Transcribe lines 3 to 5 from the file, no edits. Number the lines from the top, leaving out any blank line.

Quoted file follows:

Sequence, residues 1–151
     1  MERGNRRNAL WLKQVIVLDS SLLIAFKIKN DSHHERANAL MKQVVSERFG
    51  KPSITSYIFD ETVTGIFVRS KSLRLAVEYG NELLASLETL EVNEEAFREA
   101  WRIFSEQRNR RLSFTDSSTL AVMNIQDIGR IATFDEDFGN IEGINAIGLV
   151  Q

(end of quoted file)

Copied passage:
    51  KPSITSYIFD ETVTGIFVRS KSLRLAVEYG NELLASLETL EVNEEAFREA
   101  WRIFSEQRNR RLSFTDSSTL AVMNIQDIGR IATFDEDFGN IEGINAIGLV
   151  Q